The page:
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Crimean Tatar leader to receive Poland's inaugural 'Solidarity Prize'

PR dla Zagranicy
Nick Hodge 03.06.2014 09:23
Leader of the Crimean Tatars Mustafa Dzhemilev will receive the inaugural Solidarity Prize from President Bronislaw Komorowski on Tuesday as Poland marks 25 years since the end of communism.

Mustafa Dzhemilev, leader of the Crimean Tatars. Photo: wikipedia

Mustafa Dzhemilev was banned from entering Russian territory, including the recently annexed Crimea, after he condemned the March referendum over whether the region should join Russia as a federal subject.

On Monday evening Dzhemilev told Polish public television station TVP that the Crimean Tatars would continue to fight for their rights.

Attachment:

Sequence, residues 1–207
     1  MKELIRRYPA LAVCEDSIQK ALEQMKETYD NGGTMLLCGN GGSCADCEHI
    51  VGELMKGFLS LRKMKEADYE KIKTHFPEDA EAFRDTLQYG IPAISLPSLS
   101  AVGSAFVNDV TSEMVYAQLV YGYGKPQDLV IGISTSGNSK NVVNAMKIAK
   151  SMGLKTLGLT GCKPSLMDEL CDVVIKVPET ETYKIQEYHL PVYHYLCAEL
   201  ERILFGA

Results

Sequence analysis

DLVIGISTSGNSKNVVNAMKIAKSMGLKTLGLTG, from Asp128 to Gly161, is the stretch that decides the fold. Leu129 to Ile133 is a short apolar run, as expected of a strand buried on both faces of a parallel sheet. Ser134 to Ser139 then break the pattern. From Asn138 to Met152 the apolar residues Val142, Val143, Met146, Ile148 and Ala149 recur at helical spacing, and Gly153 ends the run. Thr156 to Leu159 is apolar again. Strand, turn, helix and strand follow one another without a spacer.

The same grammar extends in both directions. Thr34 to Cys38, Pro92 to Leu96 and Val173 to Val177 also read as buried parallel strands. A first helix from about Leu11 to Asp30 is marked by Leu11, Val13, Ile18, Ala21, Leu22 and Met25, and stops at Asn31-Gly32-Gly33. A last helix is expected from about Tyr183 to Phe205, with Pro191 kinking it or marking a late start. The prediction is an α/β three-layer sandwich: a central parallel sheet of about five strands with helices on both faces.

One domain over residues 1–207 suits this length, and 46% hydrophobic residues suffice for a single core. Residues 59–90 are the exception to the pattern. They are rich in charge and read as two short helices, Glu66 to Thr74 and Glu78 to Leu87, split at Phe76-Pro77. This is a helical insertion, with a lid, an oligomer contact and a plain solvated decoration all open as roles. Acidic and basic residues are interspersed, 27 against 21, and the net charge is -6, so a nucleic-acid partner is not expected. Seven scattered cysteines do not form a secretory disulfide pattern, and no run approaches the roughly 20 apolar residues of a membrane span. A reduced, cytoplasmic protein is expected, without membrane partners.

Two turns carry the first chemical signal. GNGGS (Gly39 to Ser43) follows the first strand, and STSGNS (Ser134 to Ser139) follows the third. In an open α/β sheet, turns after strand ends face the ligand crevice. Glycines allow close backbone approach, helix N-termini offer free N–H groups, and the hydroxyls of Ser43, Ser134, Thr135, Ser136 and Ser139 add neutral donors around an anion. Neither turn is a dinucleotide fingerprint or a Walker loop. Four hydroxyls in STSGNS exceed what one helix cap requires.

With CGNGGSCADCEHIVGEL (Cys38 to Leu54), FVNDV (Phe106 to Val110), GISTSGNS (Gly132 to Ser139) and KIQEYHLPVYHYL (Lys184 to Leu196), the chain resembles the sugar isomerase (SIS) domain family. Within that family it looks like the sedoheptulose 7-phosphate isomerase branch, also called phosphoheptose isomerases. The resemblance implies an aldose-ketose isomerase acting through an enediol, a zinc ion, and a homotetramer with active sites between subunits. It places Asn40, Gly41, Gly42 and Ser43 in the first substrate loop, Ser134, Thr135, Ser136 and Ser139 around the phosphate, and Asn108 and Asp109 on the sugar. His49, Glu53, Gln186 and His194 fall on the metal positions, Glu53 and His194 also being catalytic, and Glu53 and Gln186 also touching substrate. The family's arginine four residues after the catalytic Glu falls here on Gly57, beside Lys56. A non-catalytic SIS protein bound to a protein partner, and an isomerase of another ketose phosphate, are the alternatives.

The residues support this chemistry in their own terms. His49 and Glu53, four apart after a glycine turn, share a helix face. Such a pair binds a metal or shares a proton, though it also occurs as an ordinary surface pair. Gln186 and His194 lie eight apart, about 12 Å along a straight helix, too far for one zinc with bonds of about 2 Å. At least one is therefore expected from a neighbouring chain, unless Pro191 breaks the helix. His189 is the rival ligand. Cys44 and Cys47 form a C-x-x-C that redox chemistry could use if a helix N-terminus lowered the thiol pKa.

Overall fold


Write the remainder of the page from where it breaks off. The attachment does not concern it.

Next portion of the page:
“We are not going to wage war against Russia,” he stressed.

“We have not shed anyone's blood,” he added.

“We will fight for our rights with peaceful means.”

Dzhemilev, like the vast majority of Crimean Tatars, was deported from his homeland in 1944, and he grew up in Uzbekistan, where he became involved in dissident activities, which led to his arrest on several occasions.He eventually returned to Crimea in 1989.

“For years, Mustafa Dzhemilev has been promoting democracy and civil rights and civil liberties in Ukraine, specifically among the Tatar community,” Foreign Minister Radoslaw Sikorski said.

The presentation of the award by Komorowski also chimes in with the visit of President Barack Obama to Poland, and that of newly chosen Ukrainian leader, President-elect Petro Poroshenko.

“The people of Ukraine made a very good choice, I have known Petro Poroshenko for many years,” said Dzhemilev of the presidential elections of 25 May.

“He is a patriot, an honest man, even though a businessman.

“It is very important for me that he said that the most importan matter is to free Crimea from the occupation.

“Without being released from the occupation, we cannot imagine how we will be able to live on,”he said. (nh)

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